Lessons Learned from the Failure of Agile Development

January 23, 2015

Intland-Software-Agile-Software-Development-336x336 Lessons Learned from the Failure of Agile Development agile There has been much written about the strengths of Agile Development and it is heavily promoted as a solution for software development woes. However, there are some high profile failures from which there is much to be learned.

High profile failures such as the UK governments welfare reform project – Universal Credit, are so high profile and costly (estimated final cost £2.4bn) that eventually, the truth leaks and after much speculation and political pressure, – investigations are carried out.

In the case of Universal Credit the National Audit Office (NAO) review of the project clearly indicated that the failure of the project was an Agile Adoption failure with work culture failures mentioned. Secondly, a failure of procurement and contracting, reinforcing the heresay and rumors. One particular problem noted was a lack of transparency and a failure of performance reporting. These are of course are one and the same thing since a failure of performance reporting is a failure of transparency on project progress.

Another more recent example of a UK government Agile project failure named Siren, was to be a crime, intelligence and custody suite, the official report blamed the inexperience of the in-house team in the ways of Agile Development along the Governmental project management and internal controls. In other words, this was a failure of Agile adoption at every level, and failure of communication between internal and external teams as well as a transparency problem when considering the long term nature of the project (8 years). In the details of the Siren report it states that the scope of the project was not well defined (clear demand and requirements management failure), and when you consider that there were 140 people working on this with no real direction it is not surprising at all that no useable product emerged from the project.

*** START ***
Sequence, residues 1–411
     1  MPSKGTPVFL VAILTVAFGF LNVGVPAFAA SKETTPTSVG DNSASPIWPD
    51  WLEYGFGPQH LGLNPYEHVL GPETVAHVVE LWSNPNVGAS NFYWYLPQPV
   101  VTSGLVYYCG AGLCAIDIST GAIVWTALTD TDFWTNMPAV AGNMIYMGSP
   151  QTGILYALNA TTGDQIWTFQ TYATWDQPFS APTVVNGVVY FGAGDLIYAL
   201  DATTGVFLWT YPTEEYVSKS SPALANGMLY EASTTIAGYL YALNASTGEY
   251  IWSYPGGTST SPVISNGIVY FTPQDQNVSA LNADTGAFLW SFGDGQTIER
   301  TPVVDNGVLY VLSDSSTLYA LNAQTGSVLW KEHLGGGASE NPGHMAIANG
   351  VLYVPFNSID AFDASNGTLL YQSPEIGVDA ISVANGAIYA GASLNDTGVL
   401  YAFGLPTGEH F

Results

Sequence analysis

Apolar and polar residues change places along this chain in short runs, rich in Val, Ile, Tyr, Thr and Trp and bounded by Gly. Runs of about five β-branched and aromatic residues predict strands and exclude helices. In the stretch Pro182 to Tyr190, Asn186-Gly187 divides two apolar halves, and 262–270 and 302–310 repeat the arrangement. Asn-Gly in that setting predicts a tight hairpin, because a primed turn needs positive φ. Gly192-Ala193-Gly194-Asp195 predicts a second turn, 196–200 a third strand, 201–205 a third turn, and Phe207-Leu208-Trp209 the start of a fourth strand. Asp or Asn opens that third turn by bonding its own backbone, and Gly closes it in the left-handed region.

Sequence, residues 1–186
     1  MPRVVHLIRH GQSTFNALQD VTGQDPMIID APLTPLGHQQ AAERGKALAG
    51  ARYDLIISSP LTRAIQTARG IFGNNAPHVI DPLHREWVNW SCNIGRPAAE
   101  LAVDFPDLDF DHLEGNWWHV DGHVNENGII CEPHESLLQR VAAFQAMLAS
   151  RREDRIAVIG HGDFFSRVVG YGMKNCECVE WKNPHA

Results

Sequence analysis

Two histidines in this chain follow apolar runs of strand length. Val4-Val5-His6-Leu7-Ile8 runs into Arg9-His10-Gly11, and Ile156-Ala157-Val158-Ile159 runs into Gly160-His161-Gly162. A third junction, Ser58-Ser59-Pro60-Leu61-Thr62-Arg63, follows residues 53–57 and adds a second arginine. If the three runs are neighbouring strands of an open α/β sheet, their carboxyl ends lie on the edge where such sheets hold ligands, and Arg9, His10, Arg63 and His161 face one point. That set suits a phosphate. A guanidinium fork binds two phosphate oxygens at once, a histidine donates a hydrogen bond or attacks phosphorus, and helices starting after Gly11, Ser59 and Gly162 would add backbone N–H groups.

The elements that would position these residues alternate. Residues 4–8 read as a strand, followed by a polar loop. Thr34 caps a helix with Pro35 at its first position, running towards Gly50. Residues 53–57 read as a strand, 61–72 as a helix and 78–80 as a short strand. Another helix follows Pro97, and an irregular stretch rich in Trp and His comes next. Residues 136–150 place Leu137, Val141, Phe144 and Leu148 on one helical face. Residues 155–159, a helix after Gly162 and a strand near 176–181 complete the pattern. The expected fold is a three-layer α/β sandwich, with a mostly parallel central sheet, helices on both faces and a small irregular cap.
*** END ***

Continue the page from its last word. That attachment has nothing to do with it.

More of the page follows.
Failure of Agile Development or a failure of Agile Adoption?

As to the failure of project management and procurement, we would state that in both cases they certainly failed to purchase the tools and training necessary for Agile Development and scaling Agile Effectively, a project management platform designed for remote working teams that provides complete transparency throughout the Application Development Lifecycle is necessary. One critical failure is the failure to adapt to Agile Project Management which can only be addressed by training or bringing in an experienced Agile project Manager (Scrum Master perhaps).

In the case of Siren, the most basic of all failures occurred, the failure of Requirements Management, you could say that the project even failed to start with the failure of the collection of feature requirements and a way to prioritize them. One of the core modules of codeBeamers’ ALM software is Requirements Management, – designed and integrated with other tools for Agile Development.